But after each run, the same thing happens. You throw that carefully purchased snowboard and boots into some corner of your garage or your basement. That’s why we have found the best snowboard bags around.
If you want to get longevity and even more value for money out of your gear, treating your equipment with care and looking after it will keep everything in better condition for longer.
If you’re serious about the sport, you’ve probably invested a bit of money into getting the right gear. That’s a lot of money you just throw into the back of your car or on some rack in the attic. Find the best snowboard bags for air travel in this article and the best snowboard backpacks. Read More
We’ve heard it said that if you’re going to get into winter sports, and if you’re new to it, the best sport to pick up is snowboarding.
Skiing can be a challenge and many people think that snowboarding is an easier option as we’d have all been on a skateboard when we were kids and wonder “how different can they be?”.
Of course it’s much (like, a lot) easier said than done, but as you start to get better at a sport, you start to look at the options of buying your own equipment and start saving on rental fees.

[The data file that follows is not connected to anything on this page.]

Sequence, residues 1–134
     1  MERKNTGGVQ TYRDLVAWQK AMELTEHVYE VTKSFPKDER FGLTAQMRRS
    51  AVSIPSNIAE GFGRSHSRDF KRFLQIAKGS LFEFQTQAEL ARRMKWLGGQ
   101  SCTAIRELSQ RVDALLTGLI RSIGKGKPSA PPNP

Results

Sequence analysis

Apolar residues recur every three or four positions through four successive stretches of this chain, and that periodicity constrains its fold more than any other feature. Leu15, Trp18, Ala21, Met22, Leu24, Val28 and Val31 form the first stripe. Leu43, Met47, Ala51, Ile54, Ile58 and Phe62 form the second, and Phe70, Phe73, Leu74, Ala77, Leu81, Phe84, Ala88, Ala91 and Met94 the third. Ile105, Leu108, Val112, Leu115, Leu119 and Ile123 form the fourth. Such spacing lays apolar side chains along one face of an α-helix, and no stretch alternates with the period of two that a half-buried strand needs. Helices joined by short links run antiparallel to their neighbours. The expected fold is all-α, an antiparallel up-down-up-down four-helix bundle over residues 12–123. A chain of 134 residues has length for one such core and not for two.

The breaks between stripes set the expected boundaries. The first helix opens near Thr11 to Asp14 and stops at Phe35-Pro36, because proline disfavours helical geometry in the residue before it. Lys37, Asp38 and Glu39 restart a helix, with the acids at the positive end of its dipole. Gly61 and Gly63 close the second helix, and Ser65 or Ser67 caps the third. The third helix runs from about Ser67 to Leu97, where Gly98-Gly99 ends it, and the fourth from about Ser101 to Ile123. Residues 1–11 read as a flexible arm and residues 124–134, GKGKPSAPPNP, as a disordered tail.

So you’re practicing hard, getting better with each outing and all that’s left to do is get your very first snowboard.
This can seem daunting if you’re new to snowboarding, but it doesn’t have to be that hard. In fact, we’re going to clear up all the misleading and confusing facts about buying your first snowboard.
We’re going to illuminate the right parts of the board that you need to know, and teach you everything you must understand to head out on the slopes.
But don’t worry. We’re not going to go too in depth. We just want to make sure that you have enough knowledge to buy the right board, strap on and start snowboarding.
You can learn the rest later on. Our goal is to get you out there as fast as possible.
Who knows? Maybe we can share the next chair up. Read More